https://www.facebook.com/PeterBoykinMAGA/

https://www.facebook.com/MarchForTrumpUSA/

https://www.facebook.com/VoteForDJTrump/

https://www.facebook.com/US1ANews1/

https://www.facebook.com/MYNCGOP/

https://www.facebook.com/trumploveswinning/

Contact Email:
Peter.Boykin@TheMagaNetwork.com
PeterBoykin@Gmail.com
GaysForTrump@Gmail.com
MagaFirstNews@Gmail.com

Telephone Number:
1-202-854-1320

Source

Splits within the Democratic caucus are restraining any momentum to force a House vote on President Trump’s U.S.-Mexico-Canada Agreement on trade.

The White House, Canada, and Mexico have all acted in recent weeks to address various lawmakers’ demands, but some Democrats are insisting on further changes. As a consequence, there hasn’t been an increase in pressure on Speaker Nancy Pelosi, D-Calif., to schedule a vote.

A House Democratic staffer said that Democrats from heavily agricultural districts were inclined to support a vote, while ones from strong union districts were leaning against it. “We’ve got our own tug-of-war inside the caucus on this,” the staffer said.

Democrats are trying to iron out those differences, but they are making progress only slowly, Rep. Jim Acosta, D-Calif., told the Washington Examiner. “I would like to see a vote before the August break, but there are still some issues that need to be addressed,” Acosta said.

U.S. Trade Representative Robert Lighthizer has been meeting with the speaker and other House Democrats to discuss their holdups. Acosta, a centrist, pro-trade Democrat, said that he’d met Lighthizer five times in two months.

The outstanding issues dividing Democrats are ensuring that Mexico abides by changes to its labor laws and keeping prices for pharmaceuticals in check.

The Trump administration addressed one major congressional hang-up about the deal Friday by exempting Canada and Mexico from tariffs on steel and aluminum. Canada and Mexico responded on Monday by removing the tariffs that they had enacted on U.S. products last year in retaliation. Many lawmakers had balked at holding a vote on USMCA until the tariffs, which they argued were doing more harm than good to the U.S. economy, had been lifted.

Last month, Mexico ratified changes to its labor laws to bring them in line with what Democrats, including Pelosi, had demanded as part of the USMCA deal.

Those two changes were meant to boost USMCA’s odds in Congress, especially in the Democrat-led House. But House Majority Whip Steny Hoyer, D-Md., told reporters Tuesday that they were still not near a vote. “As you know, organized labor says it would like to get to yes, we say we’d like to get to yes,” he said. “Mexico has acted but we need enforcement.”

House Agriculture Committee Chairman Colin Peterson, D-Minn., who backs USMCA, said in a statement Friday following the removal of the metals tariffs that “I hope this means we can move toward trade deals that stop the harm to the rural economy and restore the export markets for our farmers and ranchers.” He stopped short of calling for a vote.

The Democratic aide said that one issue holding up a vote is that the administration has yet to formally submit the USMCA deal to Congress. This has made it harder to put it on the speaker’s agenda. Under Trade Promotion Authority, the law covering congressional approval of trade deals, the House must vote within 60 days of a deal being submitted for it to be ratified. Trump could test Democrats’ opposition to the deal by forcing the issue.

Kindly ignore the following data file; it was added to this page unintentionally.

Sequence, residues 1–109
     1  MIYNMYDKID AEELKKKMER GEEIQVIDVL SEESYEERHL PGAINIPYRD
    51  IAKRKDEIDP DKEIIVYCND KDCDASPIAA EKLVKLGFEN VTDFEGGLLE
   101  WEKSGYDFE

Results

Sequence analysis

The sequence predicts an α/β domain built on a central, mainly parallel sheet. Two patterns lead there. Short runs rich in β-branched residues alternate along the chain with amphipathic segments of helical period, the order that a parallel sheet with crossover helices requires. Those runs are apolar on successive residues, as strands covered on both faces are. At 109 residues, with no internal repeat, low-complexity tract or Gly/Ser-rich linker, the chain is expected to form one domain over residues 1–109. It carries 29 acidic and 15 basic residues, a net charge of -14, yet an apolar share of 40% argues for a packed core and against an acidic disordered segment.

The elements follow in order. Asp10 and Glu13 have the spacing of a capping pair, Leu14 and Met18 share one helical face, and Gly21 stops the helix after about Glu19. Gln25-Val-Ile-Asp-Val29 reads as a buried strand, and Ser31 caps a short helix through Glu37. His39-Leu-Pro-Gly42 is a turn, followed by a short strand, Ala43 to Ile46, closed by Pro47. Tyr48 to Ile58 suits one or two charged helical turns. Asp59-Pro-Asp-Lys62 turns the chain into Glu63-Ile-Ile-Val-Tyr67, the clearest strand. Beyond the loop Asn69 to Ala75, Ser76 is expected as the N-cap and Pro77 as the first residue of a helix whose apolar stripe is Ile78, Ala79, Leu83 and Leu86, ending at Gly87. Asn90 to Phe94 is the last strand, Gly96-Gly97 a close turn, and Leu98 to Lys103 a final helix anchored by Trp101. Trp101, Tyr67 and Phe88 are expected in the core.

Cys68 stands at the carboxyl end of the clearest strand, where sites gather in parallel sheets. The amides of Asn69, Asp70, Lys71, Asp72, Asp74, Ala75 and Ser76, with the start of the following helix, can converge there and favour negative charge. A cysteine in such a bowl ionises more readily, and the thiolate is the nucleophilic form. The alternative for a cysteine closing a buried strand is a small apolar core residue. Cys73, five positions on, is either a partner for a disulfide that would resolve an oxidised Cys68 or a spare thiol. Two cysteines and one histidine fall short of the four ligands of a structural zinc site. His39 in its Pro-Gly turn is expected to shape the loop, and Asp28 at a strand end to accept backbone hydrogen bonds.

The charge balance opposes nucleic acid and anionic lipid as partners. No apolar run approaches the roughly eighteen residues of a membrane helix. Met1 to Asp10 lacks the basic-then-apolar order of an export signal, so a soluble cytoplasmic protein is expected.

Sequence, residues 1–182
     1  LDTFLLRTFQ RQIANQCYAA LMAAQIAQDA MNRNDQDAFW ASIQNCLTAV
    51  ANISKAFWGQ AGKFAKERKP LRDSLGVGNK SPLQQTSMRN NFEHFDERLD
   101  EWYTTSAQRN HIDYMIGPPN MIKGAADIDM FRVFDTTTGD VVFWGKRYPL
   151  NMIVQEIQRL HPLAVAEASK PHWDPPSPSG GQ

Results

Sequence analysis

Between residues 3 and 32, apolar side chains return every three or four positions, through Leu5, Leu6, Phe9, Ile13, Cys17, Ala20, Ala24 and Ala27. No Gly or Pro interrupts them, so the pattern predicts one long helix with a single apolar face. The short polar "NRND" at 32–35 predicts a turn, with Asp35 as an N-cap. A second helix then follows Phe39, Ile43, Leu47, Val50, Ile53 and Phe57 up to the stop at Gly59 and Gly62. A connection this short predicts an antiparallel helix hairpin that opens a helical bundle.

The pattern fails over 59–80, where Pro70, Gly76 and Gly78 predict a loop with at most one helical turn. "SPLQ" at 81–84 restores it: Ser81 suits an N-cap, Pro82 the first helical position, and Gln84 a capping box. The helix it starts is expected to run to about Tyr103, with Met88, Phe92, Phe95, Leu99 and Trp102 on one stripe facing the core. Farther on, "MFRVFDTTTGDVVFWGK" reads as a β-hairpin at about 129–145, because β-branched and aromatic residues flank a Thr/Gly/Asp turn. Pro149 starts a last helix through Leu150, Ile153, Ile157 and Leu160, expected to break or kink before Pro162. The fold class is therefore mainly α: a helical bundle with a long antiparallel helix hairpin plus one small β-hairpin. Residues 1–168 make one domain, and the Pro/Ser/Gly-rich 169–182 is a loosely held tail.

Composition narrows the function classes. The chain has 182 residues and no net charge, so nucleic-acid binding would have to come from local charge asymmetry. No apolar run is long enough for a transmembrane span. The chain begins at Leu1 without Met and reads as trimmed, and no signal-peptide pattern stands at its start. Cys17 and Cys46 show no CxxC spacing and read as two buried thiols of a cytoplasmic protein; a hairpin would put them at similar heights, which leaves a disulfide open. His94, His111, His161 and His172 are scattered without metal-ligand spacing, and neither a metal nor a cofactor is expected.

On Tuesday, Bloomberg reported that Pelosi had recently told Lighthizer that more time was needed to fix address the remaining issues. She agreed to assign lawmakers to working groups to work with Lighthizer to try to work through them.

Frustrated Republicans accused the speaker of slow-walking the trade deal. “Why is Speaker Pelosi holding this up? Let’s do whats right for Hoosiers, and ALL Americans,” tweeted Rep. Greg Pence, R-Ind.

Splits within the Democratic caucus are restraining any momentum to force a House vote on President Trump’s U.S.-Mexico-Canada Agreement on trade.

The White House, Canada, and Mexico have all acted in recent weeks to address various lawmakers’ demands, but some Democrats are insisting on further changes. As a consequence, there hasn’t been an increase in pressure on Speaker Nancy Pelosi, D-Calif., to schedule a vote.

A House Democratic staffer said that Democrats from heavily agricultural districts were inclined to support a vote, while ones from strong union districts were leaning against it. “We’ve got our own tug-of-war inside the caucus on this,” the staffer said.

Democrats are trying to iron out those differences, but they are making progress only slowly, Rep. Jim Acosta, D-Calif., told the Washington Examiner. “I would like to see a vote before the August break, but there are still some issues that need to be addressed,” Acosta said.

U.S. Trade Representative Robert Lighthizer has been meeting with the speaker and other House Democrats to discuss their holdups. Acosta, a centrist, pro-trade Democrat, said that he’d met Lighthizer five times in two months.

The outstanding issues dividing Democrats are ensuring that Mexico abides by changes to its labor laws and keeping prices for pharmaceuticals in check.

The Trump administration addressed one major congressional hang-up about the deal Friday by exempting Canada and Mexico from tariffs on steel and aluminum. Canada and Mexico responded on Monday by removing the tariffs that they had enacted on U.S. products last year in retaliation. Many lawmakers had balked at holding a vote on USMCA until the tariffs, which they argued were doing more harm than good to the U.S. economy, had been lifted.